Unnamed hut to Jezerce hut, 11 km
Psst, recommendation: I don’t usually listen to music when I’m hiking, but this day I was listening to Free by Rudimental and Emeli Sandé. You should probably put it on too because it’s a pretty fucking dope song.
In the morning, I have a better chance to look around and enjoy my spectacular surroundings. The hut is surrounded by skeletons of lean young trees and willowherb, whose pinkness seems all the more vivid as the early morning sun hits their flowers. The white karst walls rise up in the distance. With the uneven layers, they look almost decorative. It reminds me of the Moon, but only if the Moon also had areas that were fresh and beautiful, ground thick with pale green grass that continues down into the valley and over the nearest ridge.
I spend some time following wrong markings and getting lost, but once I pick up the trail again, it rolls smoothly under my feet. I’ve filled up my bottle with the last of the water from the canister and swapped shorts for yoga pants in case of further vicious dwarf pine attacks. Soon I’m sweating again.
The trail is slowly leading me towards a group of tall, sharp mountains that look dark and mysterious even against the blue sky. And then I really see them: those impressive giants standing in front of me, still kilometres further and in no way on my itinerary, but now that I’m right in front of them, my way seems to lead directly to them. Suddenly my heart beats faster and it feels like I can’t breathe, like a panic attack but the complete opposite of it, like there was an empty space the size of an aerodome in my chest that could fill with love for the whole world and lift me up, up off the ground, make me light on my feet and full in my heart, and that no one could ever stop me, and that I was exactly where I needed to be, when I needed to be, and nothing else would ever matter as much as this love and lightness and freedom.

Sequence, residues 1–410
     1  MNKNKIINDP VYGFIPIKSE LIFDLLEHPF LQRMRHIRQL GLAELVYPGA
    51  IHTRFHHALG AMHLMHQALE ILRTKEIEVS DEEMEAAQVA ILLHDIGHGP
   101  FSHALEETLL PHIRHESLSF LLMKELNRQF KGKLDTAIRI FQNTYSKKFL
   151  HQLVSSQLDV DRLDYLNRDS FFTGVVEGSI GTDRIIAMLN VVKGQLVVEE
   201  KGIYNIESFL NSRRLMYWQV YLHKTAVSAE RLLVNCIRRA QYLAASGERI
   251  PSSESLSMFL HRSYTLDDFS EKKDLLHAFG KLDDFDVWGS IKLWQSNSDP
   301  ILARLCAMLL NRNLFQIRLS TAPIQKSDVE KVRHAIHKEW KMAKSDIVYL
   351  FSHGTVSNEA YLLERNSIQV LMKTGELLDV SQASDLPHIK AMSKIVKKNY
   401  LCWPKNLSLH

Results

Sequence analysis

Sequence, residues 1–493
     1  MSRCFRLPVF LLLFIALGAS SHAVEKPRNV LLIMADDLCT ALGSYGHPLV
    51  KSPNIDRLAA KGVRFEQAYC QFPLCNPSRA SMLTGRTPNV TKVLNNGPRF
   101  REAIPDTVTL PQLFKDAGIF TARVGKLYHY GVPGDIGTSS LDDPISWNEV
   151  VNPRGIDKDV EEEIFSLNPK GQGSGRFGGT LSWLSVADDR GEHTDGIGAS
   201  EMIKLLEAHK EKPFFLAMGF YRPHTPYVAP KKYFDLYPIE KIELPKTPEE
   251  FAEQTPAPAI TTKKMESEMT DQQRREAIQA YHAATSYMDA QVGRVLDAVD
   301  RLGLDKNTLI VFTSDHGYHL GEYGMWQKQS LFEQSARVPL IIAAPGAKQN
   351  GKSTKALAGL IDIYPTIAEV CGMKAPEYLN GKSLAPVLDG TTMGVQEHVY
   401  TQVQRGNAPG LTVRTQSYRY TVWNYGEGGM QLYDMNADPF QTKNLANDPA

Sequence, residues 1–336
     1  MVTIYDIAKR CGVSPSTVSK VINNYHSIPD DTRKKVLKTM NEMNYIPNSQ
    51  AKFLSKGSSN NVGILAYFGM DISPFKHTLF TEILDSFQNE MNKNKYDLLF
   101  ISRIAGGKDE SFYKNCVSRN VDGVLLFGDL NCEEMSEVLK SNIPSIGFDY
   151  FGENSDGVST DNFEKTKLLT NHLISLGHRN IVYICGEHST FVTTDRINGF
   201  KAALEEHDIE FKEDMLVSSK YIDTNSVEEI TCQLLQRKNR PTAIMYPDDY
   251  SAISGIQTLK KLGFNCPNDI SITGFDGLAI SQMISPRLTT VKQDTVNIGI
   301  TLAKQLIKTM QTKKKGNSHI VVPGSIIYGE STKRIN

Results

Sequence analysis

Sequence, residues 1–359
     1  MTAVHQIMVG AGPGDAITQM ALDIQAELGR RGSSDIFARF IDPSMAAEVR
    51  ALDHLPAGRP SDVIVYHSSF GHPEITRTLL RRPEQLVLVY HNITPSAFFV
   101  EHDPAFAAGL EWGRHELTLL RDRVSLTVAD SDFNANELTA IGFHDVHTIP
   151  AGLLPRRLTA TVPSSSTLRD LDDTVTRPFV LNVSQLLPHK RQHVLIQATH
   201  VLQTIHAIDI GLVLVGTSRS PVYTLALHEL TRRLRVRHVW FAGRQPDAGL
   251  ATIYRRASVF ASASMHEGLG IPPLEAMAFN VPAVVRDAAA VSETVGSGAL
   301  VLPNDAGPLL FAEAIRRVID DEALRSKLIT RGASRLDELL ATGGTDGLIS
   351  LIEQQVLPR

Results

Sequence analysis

After I rein in my smile and take a couple of selfies, I continue on, suddenly forgiving Prenj for all the hardship it has taken me through.
By the time I arrive at a spring marked on the map, my water is running low. Expecting to find multiple spots to fill up, I haven’t been rationing it too well. But the spring turns out to just be a muddy puddle in a tiny cave with the mouth of a plastic hose sticking out of it. I can’t figure out how it works, if it does at all.
I go to lift up my backpack but something feels off. It’s not lighter but still somehow easier to manage. What is it? I soon realise my sleeping mat isn’t hanging onto it anymore.
Consulting my camera, it turns out I dropped it while I was taking selfies by the big cool mountains. In one series of photos I have it, in the next one I don’t. I’ve been walking for over an hour ever since; going back for it would mean an at least two-hour delay with no water and walking mostly uphill.
I’m sure I can get a new one in town tomorrow.
So I climb up to the Vratnik hut, expecting to find another spring but running into some more red steel signs warning about landmines in the area. The hut itself is locked. I peer in through the window to see a half-full canister of water sitting pretty on the table. So close but so far away. My throat feels dry and itchy, and I take a few careful gulps of my water, now acutely aware of how little I have left. In the last, desperate attempt, I try to pick the lock of the hut with a hairpin but it turns out that all those Nancy Drew books I read as a kid have prepared me for absolutely nothing in life.